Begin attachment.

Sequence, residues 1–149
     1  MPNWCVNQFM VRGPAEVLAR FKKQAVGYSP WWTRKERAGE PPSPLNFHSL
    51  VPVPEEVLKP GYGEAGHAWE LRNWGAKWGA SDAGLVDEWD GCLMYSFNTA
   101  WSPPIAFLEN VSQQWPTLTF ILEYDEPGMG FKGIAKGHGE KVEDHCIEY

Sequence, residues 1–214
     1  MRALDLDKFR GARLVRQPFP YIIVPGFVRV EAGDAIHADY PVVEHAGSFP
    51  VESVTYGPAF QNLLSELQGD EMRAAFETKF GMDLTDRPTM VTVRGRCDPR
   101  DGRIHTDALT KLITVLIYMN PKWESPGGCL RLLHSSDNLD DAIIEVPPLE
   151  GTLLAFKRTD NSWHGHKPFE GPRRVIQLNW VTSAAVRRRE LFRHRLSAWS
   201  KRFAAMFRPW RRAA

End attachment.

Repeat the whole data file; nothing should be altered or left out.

Sequence, residues 1–149
     1  MPNWCVNQFM VRGPAEVLAR FKKQAVGYSP WWTRKERAGE PPSPLNFHSL
    51  VPVPEEVLKP GYGEAGHAWE LRNWGAKWGA SDAGLVDEWD GCLMYSFNTA
   101  WSPPIAFLEN VSQQWPTLTF ILEYDEPGMG FKGIAKGHGE KVEDHCIEY

Sequence, residues 1–214
     1  MRALDLDKFR GARLVRQPFP YIIVPGFVRV EAGDAIHADY PVVEHAGSFP
    51  VESVTYGPAF QNLLSELQGD EMRAAFETKF GMDLTDRPTM VTVRGRCDPR
   101  DGRIHTDALT KLITVLIYMN PKWESPGGCL RLLHSSDNLD DAIIEVPPLE
   151  GTLLAFKRTD NSWHGHKPFE GPRRVIQLNW VTSAAVRRRE LFRHRLSAWS
   201  KRFAAMFRPW RRAA